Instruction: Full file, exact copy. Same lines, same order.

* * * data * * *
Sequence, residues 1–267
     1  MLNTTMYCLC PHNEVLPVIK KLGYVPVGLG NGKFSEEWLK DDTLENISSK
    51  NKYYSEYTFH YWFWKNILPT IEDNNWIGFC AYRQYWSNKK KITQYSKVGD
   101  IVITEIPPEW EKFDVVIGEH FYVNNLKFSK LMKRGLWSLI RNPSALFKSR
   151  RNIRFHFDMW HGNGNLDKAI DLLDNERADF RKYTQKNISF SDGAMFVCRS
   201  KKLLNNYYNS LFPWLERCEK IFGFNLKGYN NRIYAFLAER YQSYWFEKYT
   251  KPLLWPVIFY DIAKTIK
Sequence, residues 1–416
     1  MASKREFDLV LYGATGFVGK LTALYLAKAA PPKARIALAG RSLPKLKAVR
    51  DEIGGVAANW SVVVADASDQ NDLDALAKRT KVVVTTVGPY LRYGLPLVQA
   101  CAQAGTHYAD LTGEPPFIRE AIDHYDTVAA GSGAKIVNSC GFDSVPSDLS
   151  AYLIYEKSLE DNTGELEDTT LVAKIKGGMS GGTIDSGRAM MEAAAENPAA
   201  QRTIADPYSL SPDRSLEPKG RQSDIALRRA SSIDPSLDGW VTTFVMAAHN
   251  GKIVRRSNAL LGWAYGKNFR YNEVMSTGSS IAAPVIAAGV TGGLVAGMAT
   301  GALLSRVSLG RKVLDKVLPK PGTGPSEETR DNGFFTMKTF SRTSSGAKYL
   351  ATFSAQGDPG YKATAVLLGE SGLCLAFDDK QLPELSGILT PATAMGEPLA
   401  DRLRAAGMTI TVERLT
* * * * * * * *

Sequence, residues 1–267
     1  MLNTTMYCLC PHNEVLPVIK KLGYVPVGLG NGKFSEEWLK DDTLENISSK
    51  NKYYSEYTFH YWFWKNILPT IEDNNWIGFC AYRQYWSNKK KITQYSKVGD
   101  IVITEIPPEW EKFDVVIGEH FYVNNLKFSK LMKRGLWSLI RNPSALFKSR
   151  RNIRFHFDMW HGNGNLDKAI DLLDNERADF RKYTQKNISF SDGAMFVCRS
   201  KKLLNNYYNS LFPWLERCEK IFGFNLKGYN NRIYAFLAER YQSYWFEKYT
   251  KPLLWPVIFY DIAKTIK
Sequence, residues 1–416
     1  MASKREFDLV LYGATGFVGK LTALYLAKAA PPKARIALAG RSLPKLKAVR
    51  DEIGGVAANW SVVVADASDQ NDLDALAKRT KVVVTTVGPY LRYGLPLVQA
   101  CAQAGTHYAD LTGEPPFIRE AIDHYDTVAA GSGAKIVNSC GFDSVPSDLS
   151  AYLIYEKSLE DNTGELEDTT LVAKIKGGMS GGTIDSGRAM MEAAAENPAA
   201  QRTIADPYSL SPDRSLEPKG RQSDIALRRA SSIDPSLDGW VTTFVMAAHN
   251  GKIVRRSNAL LGWAYGKNFR YNEVMSTGSS IAAPVIAAGV TGGLVAGMAT
   301  GALLSRVSLG RKVLDKVLPK PGTGPSEETR DNGFFTMKTF SRTSSGAKYL
   351  ATFSAQGDPG YKATAVLLGE SGLCLAFDDK QLPELSGILT PATAMGEPLA
   401  DRLRAAGMTI TVERLT